Le Marche is a relatively small region lying at the eastern edge of central Italy. In recent decades it has been frequently overshadowed by neighbouring Abruzzo, Umbria and Tuscany, but to dismiss the region as insignificant is to miss out on a vast lineup of exciting wines.
Le Marche has a growing reputation in Italian wine circles and the trajectory is likely to continue. Renewed enthusiasm for the country’s stable of native grapes has thrust the white Verdicchio variety into the limelight as wine lovers fall for its fresh acidity, trendy mineral character and tendency to give unctuous citrus flavours. Verdicchio, known in the north as Trebbiano di Soave and Turbiana is the principal grape of two of the region’s important appellations - Verdicchio dei Castelli di Jesi and increasingly fashionable Verdicchio di Matelica.
Although many producers choose to bottle and label their estate’s every-day white wines as Marche IGP, there remains a steady belief in promoting micro territories. The wines of DOCG Offida are a prime example, with local winemakers comfortable showcasing eminently trendy grapes such as Pecorino and Passerina in connection with one of Italy’s least well known DOCGs. Elsewhere there is support for other terroirs such as the hills immediately north of the town of Pesaro and close to Macerata.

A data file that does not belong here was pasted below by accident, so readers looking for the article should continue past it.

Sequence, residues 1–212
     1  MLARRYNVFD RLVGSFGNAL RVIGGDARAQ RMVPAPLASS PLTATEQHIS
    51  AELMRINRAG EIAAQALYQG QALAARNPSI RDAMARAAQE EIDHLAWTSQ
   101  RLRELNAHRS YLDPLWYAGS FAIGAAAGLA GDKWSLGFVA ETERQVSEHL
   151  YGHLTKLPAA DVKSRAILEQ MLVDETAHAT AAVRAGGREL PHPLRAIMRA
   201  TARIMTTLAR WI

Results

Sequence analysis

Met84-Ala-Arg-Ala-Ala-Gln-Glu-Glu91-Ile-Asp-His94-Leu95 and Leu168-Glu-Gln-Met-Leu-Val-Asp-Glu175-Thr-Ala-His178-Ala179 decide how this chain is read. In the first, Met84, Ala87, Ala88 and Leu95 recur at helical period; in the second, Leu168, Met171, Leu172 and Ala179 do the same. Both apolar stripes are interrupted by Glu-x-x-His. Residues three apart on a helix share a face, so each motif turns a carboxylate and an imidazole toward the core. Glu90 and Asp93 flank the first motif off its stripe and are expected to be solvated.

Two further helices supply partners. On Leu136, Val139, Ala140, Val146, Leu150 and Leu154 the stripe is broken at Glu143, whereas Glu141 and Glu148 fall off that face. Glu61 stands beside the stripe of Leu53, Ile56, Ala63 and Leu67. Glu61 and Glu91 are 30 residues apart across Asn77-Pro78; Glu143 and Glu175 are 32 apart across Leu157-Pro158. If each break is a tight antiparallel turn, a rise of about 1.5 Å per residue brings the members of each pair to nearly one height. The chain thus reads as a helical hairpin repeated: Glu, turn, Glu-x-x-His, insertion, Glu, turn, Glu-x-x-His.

There are some high quality red wine territories as well. The most famous, and perhaps most respected, are the wines produced around the town of Cònero, just south of the coastal city of Ancona. Produced from a minimum of 85% Montepulciano and up to 15% Sangiovese its wines were granted DOCG status in 2004. There are some excellent value wines to be found here and can certainly hold their own against the top wines from neighbouring Abruzzo. They must be aged for a minimum of two years before release.
One of the region’s hidden treasures is the Lacrima di Morro d’Alba grape. As an aromatic red variety it gives powerful floral and berry expressions in the glass and continuously surprises the uninitiated with its concentration of dark fruit. Such natural characteristics also pave the way for a sweet passito wine, which although difficult to find, can be excellent.
Produced around the town of Macerata in Le Marche, the Colli Maceratesi DOC is known for the cultivation of the white Maceratino variety. Alongside this there are a number of simple wines produced from both international red varieties as well as the typical grapes of central Italy.
Verdicchio di Matelica is a premium growing area for the Verdicchio wines. Matelica’s long growing season provides higher sugars and thus higher alcohol. It’s relatively high altitude means that is maintains freshness. In addition cool night temperatures add further complexity to its aromatic profile.